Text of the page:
The number of new business applications filed in the US is touching a new high every quarter. Nearly 1.44 million new business applications were filed in the 2nd quarter of 2021 alone.
The situation is not so different in other places around the world. New businesses are established every day — all of them hoping to achieve success.
If you’re a new entrepreneur who’s looking to take the plunge into the world of business, you must know everything about establishing a business.
One of the most important factors that you need to consider when you’re doing that is selecting the right business structure.
There are numerous options for this: Sole Proprietorship, LLC, Partnership, and Corporation. But how do you decide which one is the best for your business?
Image via Oberlo
This choice of business structure is especially difficult if you’re choosing between a Sole Proprietorship and an LLC.
To help you choose the right one between a Sole Proprietorship and an LLC, we’ve put together this handy guide and key factors to consider:
Who Owns the Business?
The question of business ownership is fairly simple in Sole Proprietorships. Only an individual can own the business.
LLCs aren’t as simple. They give you more flexibility in the sense that you can have one or more owners — called members.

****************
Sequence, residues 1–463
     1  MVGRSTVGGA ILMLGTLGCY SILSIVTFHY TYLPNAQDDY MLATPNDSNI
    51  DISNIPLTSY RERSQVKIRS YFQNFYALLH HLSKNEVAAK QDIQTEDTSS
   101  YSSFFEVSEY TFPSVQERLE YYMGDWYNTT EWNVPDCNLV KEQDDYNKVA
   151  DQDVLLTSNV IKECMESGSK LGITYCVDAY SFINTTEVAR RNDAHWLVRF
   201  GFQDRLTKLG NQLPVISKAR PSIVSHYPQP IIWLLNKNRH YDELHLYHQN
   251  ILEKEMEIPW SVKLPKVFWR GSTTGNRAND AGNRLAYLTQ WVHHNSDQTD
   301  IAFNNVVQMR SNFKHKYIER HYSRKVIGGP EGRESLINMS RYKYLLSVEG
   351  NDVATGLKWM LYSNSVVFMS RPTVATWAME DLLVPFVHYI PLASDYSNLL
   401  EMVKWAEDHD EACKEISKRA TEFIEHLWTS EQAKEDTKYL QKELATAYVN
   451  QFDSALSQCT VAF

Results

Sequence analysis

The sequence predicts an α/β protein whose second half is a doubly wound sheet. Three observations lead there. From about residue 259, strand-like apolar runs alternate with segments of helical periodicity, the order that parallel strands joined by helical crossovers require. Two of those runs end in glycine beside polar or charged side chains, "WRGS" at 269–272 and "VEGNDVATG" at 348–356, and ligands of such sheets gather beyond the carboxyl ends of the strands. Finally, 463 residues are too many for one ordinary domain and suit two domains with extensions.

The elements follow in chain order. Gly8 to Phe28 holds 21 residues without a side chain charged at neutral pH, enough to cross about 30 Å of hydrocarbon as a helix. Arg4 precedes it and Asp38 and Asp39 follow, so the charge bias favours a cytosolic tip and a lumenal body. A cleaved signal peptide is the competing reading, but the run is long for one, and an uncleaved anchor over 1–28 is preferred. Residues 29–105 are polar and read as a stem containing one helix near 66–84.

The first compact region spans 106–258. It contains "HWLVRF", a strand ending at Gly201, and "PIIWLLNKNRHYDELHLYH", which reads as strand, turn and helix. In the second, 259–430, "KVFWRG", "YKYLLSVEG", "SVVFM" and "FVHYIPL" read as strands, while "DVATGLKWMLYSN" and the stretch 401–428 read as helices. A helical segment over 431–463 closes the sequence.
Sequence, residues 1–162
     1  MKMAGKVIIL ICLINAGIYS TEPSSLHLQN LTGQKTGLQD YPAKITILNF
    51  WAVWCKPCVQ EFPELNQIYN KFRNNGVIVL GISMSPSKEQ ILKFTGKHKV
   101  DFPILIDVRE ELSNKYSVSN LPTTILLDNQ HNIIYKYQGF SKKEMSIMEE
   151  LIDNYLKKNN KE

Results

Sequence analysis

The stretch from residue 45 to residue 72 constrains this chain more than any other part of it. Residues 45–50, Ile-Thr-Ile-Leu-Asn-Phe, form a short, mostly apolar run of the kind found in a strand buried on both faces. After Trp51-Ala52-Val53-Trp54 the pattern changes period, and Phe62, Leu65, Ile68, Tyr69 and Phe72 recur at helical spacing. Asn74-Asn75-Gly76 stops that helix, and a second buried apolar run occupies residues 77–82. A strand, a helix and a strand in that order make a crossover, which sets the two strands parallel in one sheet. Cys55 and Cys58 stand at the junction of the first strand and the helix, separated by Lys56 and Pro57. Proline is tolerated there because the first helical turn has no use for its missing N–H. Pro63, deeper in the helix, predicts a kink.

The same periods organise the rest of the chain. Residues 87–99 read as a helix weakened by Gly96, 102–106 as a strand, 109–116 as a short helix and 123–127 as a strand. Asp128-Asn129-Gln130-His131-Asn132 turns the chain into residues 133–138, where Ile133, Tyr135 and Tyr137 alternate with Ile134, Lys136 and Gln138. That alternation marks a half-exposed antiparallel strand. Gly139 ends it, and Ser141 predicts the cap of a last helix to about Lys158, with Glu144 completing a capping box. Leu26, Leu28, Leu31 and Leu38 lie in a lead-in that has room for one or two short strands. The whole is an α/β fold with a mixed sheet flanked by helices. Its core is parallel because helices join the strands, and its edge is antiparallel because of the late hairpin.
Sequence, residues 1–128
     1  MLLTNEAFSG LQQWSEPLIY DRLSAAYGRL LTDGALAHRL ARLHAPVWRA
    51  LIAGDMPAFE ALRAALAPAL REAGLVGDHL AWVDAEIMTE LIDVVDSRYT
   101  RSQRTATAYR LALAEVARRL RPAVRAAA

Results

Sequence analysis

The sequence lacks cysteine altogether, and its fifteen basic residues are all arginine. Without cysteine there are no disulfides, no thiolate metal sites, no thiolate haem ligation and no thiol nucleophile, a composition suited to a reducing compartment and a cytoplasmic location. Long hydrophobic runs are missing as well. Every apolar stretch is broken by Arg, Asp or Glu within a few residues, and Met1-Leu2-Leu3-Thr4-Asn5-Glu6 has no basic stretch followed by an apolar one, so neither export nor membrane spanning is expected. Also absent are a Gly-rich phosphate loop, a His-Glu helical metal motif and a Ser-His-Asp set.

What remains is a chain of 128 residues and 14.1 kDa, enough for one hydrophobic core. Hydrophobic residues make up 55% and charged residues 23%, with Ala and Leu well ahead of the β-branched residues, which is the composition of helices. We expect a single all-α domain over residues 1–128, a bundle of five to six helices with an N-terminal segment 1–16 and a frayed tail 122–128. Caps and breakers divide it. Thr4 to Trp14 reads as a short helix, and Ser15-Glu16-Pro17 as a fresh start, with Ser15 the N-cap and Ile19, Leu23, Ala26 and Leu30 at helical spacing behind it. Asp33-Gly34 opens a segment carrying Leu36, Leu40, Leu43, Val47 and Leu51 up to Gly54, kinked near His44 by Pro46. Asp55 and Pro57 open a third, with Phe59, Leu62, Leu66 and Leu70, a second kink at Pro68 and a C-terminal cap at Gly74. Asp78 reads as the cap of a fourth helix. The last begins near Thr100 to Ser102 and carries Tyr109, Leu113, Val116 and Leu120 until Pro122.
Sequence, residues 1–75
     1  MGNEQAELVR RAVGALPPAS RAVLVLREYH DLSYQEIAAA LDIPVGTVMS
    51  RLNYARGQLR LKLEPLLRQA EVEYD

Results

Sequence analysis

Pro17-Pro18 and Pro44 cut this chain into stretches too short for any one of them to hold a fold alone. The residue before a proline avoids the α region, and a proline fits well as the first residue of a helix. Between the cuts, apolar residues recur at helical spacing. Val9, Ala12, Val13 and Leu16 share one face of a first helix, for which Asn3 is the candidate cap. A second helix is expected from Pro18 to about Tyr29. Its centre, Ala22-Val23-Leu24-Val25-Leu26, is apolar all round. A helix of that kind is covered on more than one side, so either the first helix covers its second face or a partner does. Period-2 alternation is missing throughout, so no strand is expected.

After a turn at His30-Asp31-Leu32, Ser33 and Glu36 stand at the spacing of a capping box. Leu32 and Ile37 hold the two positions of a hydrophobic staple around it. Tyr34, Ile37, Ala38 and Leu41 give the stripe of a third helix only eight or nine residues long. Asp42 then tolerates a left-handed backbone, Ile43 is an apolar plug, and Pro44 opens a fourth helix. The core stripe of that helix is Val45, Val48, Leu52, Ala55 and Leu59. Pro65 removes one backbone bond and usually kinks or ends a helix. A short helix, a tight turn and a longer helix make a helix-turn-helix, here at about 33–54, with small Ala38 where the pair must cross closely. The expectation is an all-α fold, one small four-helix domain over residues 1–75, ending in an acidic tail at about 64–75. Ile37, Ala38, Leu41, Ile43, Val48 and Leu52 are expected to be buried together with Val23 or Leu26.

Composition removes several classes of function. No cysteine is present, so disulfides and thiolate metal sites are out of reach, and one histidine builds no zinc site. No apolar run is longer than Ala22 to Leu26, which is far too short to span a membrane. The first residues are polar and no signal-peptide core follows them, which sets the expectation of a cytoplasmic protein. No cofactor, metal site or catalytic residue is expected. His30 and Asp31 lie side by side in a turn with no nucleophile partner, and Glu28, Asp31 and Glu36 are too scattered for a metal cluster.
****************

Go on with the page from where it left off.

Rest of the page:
These owners can be individuals, other LLCs, and even foreign firms.
How Do You Form the Business?
Like business ownership, the formation process is simpler in the case of Sole Proprietorship firms. You can easily set up your Sole Proprietorship and start running your business under your name.
If you want to run it under a different name, you should consider filing for a fictitious name with a DBA (Doing Business As).
The process for LLCs is slightly different. One of the reasons for this is that an LLC is a separate legal entity, unlike a Sole Proprietorship.
You need to first file your Articles of Organization with the Secretary of State. Next, you’d have to create an LLC Operating Agreement that talks about the various roles and responsibilities of members.
LLCs are also required to pay a state filing fee for starting the business and each year after that.
How is the Business Taxed?
One of the greatest advantages of Sole Proprietorships and LLCs is that they offer pass-through taxation.
This means that the income of the business passes through to the personal income tax return of the owner. As a result, you’re spared from double taxation.
However, as you’d be the owner of the business, you’d have to pay a self-employment tax. This could be avoided in the case of LLCs, though. You can choose to get your LLC taxed as an S-Corporation to avoid this tax, but then you do have to pay corporate tax.
Which One Is Right for Your Business? Sole Proprietorship vs LLC - Infographic
To learn more about Sole Proprietorship and LLC, check out this in-depth infographic by GovDocFiling. It’ll help you make an informed decision when choosing between the two.